Fuel (4 gal per rental) $700
Auto Maintenance $1,000
Labor (@ $18/hr) $3,600
Depreciation (assuming a 5 year life) $400
Government Fees $150
Supplies (Towing, Office, Field, Cleaning) $500
Phone Line $500
Total Expenses $9,150
Net Income $850
Multiply the figure by the best case scenario of 6 inflatables for one person, and you have annual profit of about $5,100. Add in the labor assuming that John will be doing all of it and not paying himself for cleaning and administration, and you’ve got an additional $21,600. A total best case scenario income of $26,700 before taxes is not enough to quit a full time day job. There is simply no way to increase this dollar amount without hiring people either. Six inflatables will keep John extremely busy on the weekends, and there simply isn't any more work to be had during the week. He’d also have to make it all the way through the winter with virtually no work at all. He could hire people, but now he’s adding a huge level of complexity and administration.
In the best case scenario John will be working full-time hours on his business, probably a little more. He'll put in 25 to 30 hours per week on the weekend, and another 10 to 20 hours during the week prepping and cleaning. The net per hour may come in lower than picking up a part-time job depending on John's skills. The big difference though is that a part-time job doesn't carry the same risk and stress of trying to start a business. With a part-time job, John goes home at the end of the day and forgets about it. A business keeps him up at night and constantly beckons John to do more.
The End Result
After three years, John is simply burnt out. He’s made a little bit of money, but he’s been working too much. He has his day job Monday through Friday. When he gets home from work, he spends his evenings cleaning inflatables, returning phone calls, and doing odds and ends that need to be taken care of for the business. He’s also been preparing the coming weekend’s paperwork and performing other administrative tasks like paying bills. He’ll spend his entire Friday evening planning for the weekend and creating his delivery route. He’ll work all day Saturday and most of the day on Sunday with a few hours to spare at irregular intervals. He’ll put 400 to 500 miles on his truck each weekend (an extra 15,000 miles a year) just delivering party equipment. Those miles will be hard miles for his truck, most likely towing a trailer loaded with quite a bit of weight. This will decrease the value of his truck substantially over those three years, and increase his maintenance costs.
If John is a family man, he will miss his family dearly 8 months a year. He’ll be working 7 days a week through the summer. There’s a common misconception that people in the party rental business like to party. People in the party rental business are actually working while everyone else is partying. John will be working holidays, and if he has children, he’ll be feeling quite a bit of pressure to take some time off for their birthdays and special occasions, which typically take place on weekends, his busiest time of the week. In short, John will be overworked and burnt out. He’ll be ready to give it up at the end of the year, when his inflatables are worth the least. Used inflatables sell for a fraction of their original price, so he won’t get much when he quits.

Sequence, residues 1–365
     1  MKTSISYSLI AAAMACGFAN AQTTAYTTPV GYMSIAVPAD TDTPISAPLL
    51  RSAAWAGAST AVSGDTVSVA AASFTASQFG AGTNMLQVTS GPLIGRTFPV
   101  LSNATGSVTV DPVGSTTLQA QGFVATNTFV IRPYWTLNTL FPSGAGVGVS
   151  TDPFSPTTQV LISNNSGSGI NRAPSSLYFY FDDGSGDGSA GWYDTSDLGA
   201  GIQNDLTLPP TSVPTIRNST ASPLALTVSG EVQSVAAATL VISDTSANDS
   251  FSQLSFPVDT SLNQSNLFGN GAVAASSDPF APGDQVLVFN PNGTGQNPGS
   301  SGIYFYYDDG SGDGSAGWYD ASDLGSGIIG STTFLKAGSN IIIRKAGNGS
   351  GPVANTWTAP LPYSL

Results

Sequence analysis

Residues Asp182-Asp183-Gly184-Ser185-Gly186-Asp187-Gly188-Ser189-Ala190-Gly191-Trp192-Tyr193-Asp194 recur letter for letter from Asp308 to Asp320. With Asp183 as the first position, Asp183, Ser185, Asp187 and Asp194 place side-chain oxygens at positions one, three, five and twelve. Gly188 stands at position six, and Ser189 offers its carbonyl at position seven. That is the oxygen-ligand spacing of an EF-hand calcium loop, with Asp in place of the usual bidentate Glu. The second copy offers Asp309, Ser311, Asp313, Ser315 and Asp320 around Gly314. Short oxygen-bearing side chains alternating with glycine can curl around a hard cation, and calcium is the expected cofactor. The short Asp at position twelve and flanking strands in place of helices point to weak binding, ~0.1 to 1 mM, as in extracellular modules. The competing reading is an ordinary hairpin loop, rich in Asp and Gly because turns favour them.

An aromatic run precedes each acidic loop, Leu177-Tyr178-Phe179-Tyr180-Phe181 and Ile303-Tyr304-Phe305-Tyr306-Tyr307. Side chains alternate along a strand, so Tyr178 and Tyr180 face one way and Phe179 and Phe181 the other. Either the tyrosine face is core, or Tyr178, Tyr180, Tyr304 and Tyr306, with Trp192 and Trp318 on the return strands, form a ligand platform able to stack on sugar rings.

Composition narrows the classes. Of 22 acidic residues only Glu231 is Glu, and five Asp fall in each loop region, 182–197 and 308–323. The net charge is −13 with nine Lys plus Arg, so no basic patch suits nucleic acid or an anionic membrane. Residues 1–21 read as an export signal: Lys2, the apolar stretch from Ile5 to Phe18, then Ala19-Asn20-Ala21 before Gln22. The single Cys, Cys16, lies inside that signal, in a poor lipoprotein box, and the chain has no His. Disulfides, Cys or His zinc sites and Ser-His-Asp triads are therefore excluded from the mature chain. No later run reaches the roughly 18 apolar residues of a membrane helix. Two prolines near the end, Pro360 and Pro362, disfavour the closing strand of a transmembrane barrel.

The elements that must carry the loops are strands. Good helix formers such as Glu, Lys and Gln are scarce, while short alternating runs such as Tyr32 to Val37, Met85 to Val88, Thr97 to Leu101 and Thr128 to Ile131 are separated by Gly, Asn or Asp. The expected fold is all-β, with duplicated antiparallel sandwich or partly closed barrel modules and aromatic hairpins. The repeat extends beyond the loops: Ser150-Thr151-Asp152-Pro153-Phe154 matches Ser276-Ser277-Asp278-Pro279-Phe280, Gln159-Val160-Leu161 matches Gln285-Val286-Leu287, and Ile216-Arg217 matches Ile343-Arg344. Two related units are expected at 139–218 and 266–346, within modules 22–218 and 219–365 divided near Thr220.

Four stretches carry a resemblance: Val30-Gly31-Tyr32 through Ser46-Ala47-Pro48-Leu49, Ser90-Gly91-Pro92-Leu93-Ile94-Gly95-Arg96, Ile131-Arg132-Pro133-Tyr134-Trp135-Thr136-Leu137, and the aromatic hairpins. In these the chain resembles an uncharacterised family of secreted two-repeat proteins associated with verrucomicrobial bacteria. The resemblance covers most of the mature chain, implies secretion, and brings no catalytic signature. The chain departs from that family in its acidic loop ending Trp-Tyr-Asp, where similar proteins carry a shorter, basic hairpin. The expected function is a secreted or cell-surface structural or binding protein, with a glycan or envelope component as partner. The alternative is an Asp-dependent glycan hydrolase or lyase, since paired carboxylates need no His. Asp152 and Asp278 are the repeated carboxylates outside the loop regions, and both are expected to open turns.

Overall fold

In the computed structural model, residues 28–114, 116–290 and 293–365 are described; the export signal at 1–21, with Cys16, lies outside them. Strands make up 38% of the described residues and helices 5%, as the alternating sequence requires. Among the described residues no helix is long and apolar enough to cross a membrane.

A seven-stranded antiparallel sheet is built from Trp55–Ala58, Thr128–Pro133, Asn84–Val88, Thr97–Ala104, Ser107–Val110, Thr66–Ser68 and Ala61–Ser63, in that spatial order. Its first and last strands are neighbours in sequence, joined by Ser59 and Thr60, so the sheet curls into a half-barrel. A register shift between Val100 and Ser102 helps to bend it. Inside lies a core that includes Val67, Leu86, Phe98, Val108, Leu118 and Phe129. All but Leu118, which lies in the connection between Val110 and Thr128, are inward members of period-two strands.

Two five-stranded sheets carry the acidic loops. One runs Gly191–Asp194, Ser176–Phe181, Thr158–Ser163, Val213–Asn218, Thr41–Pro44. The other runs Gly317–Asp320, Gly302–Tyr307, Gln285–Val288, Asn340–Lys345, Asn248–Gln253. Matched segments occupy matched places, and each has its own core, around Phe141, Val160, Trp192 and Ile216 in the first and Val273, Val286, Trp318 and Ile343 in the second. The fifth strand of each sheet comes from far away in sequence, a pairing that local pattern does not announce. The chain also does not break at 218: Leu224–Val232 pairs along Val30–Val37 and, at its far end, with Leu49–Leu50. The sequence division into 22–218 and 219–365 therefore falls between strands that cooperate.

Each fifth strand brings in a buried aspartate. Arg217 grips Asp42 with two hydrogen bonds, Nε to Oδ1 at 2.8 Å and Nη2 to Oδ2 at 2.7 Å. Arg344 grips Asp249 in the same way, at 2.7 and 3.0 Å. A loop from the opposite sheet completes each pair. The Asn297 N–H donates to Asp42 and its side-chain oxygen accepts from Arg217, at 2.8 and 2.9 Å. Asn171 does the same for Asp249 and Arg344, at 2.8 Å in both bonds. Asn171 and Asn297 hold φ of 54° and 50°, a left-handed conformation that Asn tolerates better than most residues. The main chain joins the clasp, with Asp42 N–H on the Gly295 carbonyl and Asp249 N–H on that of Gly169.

If You've Made It This Far
If you've made it this far into this FAQ, you’re pretty serious. I would suggest you start by working for someone else. This will give you a good idea of how difficult the work is, and how bad the hours are. If you decide it’s not for you, you can just quit, and at least you pulled a paycheck. We hire lots and lots of drivers starting in April, and we keep hiring people all the way through October. We are constantly hiring because most people find the work to be harder than they were expecting. About two of every three drivers that we hire find the work too difficult. On the plus side, our drivers make excellent money, and they don’t carry the risk of operating the business on their shoulders. When they finish their work on the weekend, they go home and don’t worry about everything else. The administration and worrying is someone else’s job. They can take days off like their kid’s birthday, or their own birthday, or just a mental health day here and there, and they don’t have to worry about losing business to do it. Someone else will fill in for them.
If John would have come to work for us instead, he would have probably made more money, and he would have been much happier in the process. How is this possible? Larger companies like Blaster Bouncer take advantage of economies of scale. Since we have thousands of rentals every year, we can schedule them more efficiently. The volume of work allows us to perform our cleaning and administration more efficiently as well. All of these cost savings allows us to pay our employees more, and still turn a small profit. Since we have a large volume of rentals, we don’t need to turn a huge profit on each one to keep the business going.
If you still want to get into the party rental business, be prepared for all of the above. It’s a hard business with hard labor, but can be rewarding for the right kind of person. If you’re on the fence and you’d like to talk to someone about it a little more, feel free to call us and one of the owners will make some time for you. The best advice we can give you here is to be sure you do a complete business plan using the information above. In addition, put some serious thought and consideration to the non-financial side of this venture, such as the time you spend with your family. It will have a huge impact on your ability to succeed.